As a communications consultant, I collect business cards. Luncheons, evening mixers, business events. As a designer, I always toss a few into the “You’re Doing It Wrong” pile.
You want customers that stick, then you have to think like the customer. All this talk of engagement and relationships and community aside, let me tell you a secret: Customers mostly think about about one thing, “What’s in it for me?”
Most cards fall into one of two categories: 1) over-designed exercises in cleverness — that only artsy, creative types could ever use or 2) boring, generic infodumps – that often say nothing.
If your business card – or website, PR or blog – if your branding doesn’t communicate WHO you are and WHAT you can do for the READER, the audience, the customer – then it’s not communicating at all.
Picture this: you meet someone 2.56 minutes at some business networking thing, along with 23 others. Did they do or say anything to make you remember them, make this generic card stand out?
It’s not like they handed it to you then tripped down the stairs and fell off the speaker’s stage. (Oh yes, I did that once; not total face-planting on the floor, but enough that more than a few people noticed. Ahem.)
I’ve got a stack of these. I could contact so and so, by phone or email. But to what end? WIIFM to take the time to go to the website, figure out who you are and WHY I need YOU?
Paper isn’t dead – yet
QR codes, Twitter, LinkedIn is the Rolodex-meets-Resume. Fine. But the business card ain’t going the way of the dinosaurs any time soon.
When I design a business card – as part of a brand identity package – I make smart use of limited real estate: 3.5 inches by 2 inches. Times 2; if you’re not using the back, you’ve wasted every penny you spent on printing.
Rule of 3: three strengths, three features, three points of contact. The more vague your tagline, the more b.s. that reeks from your ‘creative’ job title – the more explicit and accurate your features need to be.
You may not know the whole story – and boy do I not like what I designed (see also, cobbler’s shoes syndrome) – but my card tells you something about what I do: Public Relations and Social Media, Design, Meeting Planning, wrapped in a Communications-flavored bow.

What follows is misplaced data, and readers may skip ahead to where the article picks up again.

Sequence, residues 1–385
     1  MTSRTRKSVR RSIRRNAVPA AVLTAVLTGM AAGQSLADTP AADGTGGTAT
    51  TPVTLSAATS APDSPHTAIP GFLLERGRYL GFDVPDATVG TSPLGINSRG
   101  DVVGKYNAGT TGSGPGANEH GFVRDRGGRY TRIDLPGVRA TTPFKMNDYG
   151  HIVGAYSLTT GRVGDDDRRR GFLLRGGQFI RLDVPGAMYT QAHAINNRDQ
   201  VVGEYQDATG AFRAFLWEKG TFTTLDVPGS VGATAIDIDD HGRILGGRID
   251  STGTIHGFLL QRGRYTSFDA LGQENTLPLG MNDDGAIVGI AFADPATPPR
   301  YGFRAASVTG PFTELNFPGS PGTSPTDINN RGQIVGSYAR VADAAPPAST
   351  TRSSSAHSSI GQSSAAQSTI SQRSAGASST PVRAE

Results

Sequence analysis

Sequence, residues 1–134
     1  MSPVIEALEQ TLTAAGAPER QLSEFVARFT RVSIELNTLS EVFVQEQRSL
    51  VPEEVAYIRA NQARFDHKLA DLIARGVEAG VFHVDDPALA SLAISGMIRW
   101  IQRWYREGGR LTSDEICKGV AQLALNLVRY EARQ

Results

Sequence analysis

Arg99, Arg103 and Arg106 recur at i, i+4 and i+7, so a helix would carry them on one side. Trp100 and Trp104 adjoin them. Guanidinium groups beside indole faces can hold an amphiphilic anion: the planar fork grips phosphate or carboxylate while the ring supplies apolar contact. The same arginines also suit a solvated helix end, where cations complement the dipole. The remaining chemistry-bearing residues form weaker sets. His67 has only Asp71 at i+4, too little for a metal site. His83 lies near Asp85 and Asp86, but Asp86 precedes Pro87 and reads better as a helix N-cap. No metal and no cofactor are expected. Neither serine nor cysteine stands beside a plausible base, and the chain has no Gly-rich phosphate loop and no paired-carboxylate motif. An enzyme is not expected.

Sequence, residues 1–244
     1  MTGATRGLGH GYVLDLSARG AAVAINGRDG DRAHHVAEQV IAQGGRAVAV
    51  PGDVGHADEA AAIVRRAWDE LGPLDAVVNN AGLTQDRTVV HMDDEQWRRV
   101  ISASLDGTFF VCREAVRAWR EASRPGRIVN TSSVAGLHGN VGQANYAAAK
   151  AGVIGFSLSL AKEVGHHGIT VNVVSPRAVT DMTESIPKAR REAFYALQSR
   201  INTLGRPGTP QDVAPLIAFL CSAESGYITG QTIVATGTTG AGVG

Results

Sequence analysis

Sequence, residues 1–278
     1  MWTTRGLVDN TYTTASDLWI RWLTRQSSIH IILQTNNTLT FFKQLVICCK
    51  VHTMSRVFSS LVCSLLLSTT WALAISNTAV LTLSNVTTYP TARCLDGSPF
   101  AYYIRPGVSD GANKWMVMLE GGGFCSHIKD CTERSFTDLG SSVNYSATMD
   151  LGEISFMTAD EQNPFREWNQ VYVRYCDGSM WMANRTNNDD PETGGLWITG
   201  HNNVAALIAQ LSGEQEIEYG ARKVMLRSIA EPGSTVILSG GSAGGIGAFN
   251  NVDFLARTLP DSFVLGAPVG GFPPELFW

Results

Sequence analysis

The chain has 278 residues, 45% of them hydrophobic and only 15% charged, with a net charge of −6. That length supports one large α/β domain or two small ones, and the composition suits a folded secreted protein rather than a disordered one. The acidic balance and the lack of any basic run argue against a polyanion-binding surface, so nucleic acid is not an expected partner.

Business cards are easy examples of a first impression – and what impresses others are the details.
Can you imagine a restaurant website that talks about how great the food is, but doesn’t tell you what kind? Or searching for a lawyer but the blog or business card doesn’t tell you they do tax law, not intellectual property? If you’re firm specializes in building hotels, say that – everywhere.
Ask a friend – one not really familiar with your business – to take a closer look at your business cards, your website, your trifold brochure. Do they pass the WIIFM test? If not, call me.
You have the business plan, the cool product or killer service. You’ve figured out your business model, your three core strengths. And you’ve got a phone (goes-without-typing essential) you’d love to be ringing off the hook with folks wanting to give you large piles of cashy money.
Next step: tackle that Marketing P known as Promotion. Or not.
I did an ad layout for an Atlanta small biz, and what hit me were the missing pieces I had to find for a basic print ad. Customers may not notice or comment when you have it, but they will notice if you don’t.
Things you can’t NOT have to market your business
It’s how you “brand” so do it.. just not comic sans. (Designers joke.) That investment shows you mean business, on your “still gotta have them” business cards, print materials, free coffee mugs and this newfangled thingy called the Internet.
Website. First, a counter argument. Rare is the business that with the right product (booze) and right location (intersection shopping center) can do fine and dandy, sans website. I was told, license to print money. True ‘nugh.. and EXCEPTION.
“Well what about Facebook?” whines the small business owner. Sigh. Are your customers active on FB or your own site or forums elsewhere? People are social creatures, the trick is finding where.
That said, your website is where YOU have control, a way to tell your story, where people can contact you with your ‘branded’ email. Domains are cheap, WordPress is free, websites still matter.
Images. Can you imagine visiting a website, flipping through a brochure or scanning a magazine without them? Bor-ing! Photos and videos breath life into marketing because they humanize your business.